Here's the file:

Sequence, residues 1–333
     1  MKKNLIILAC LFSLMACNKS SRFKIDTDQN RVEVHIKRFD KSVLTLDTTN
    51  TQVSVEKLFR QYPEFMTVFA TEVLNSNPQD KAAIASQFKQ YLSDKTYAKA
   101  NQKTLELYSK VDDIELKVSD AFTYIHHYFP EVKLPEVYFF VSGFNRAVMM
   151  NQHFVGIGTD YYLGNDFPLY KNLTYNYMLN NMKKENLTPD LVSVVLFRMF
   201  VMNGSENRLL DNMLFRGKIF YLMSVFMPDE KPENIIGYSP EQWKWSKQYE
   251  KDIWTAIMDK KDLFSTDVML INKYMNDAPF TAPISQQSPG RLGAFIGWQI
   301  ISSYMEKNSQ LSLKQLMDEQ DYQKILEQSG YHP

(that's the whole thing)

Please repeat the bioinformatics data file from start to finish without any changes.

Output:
Sequence, residues 1–333
     1  MKKNLIILAC LFSLMACNKS SRFKIDTDQN RVEVHIKRFD KSVLTLDTTN
    51  TQVSVEKLFR QYPEFMTVFA TEVLNSNPQD KAAIASQFKQ YLSDKTYAKA
   101  NQKTLELYSK VDDIELKVSD AFTYIHHYFP EVKLPEVYFF VSGFNRAVMM
   151  NQHFVGIGTD YYLGNDFPLY KNLTYNYMLN NMKKENLTPD LVSVVLFRMF
   201  VMNGSENRLL DNMLFRGKIF YLMSVFMPDE KPENIIGYSP EQWKWSKQYE
   251  KDIWTAIMDK KDLFSTDVML INKYMNDAPF TAPISQQSPG RLGAFIGWQI
   301  ISSYMEKNSQ LSLKQLMDEQ DYQKILEQSG YHP